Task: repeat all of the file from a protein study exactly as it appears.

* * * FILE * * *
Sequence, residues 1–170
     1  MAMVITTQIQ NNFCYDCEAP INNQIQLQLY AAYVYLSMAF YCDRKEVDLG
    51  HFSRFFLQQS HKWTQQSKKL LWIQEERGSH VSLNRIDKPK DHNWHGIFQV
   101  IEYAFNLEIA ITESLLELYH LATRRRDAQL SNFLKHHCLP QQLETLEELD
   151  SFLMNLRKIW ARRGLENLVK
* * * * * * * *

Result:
Sequence, residues 1–170
     1  MAMVITTQIQ NNFCYDCEAP INNQIQLQLY AAYVYLSMAF YCDRKEVDLG
    51  HFSRFFLQQS HKWTQQSKKL LWIQEERGSH VSLNRIDKPK DHNWHGIFQV
   101  IEYAFNLEIA ITESLLELYH LATRRRDAQL SNFLKHHCLP QQLETLEELD
   151  SFLMNLRKIW ARRGLENLVK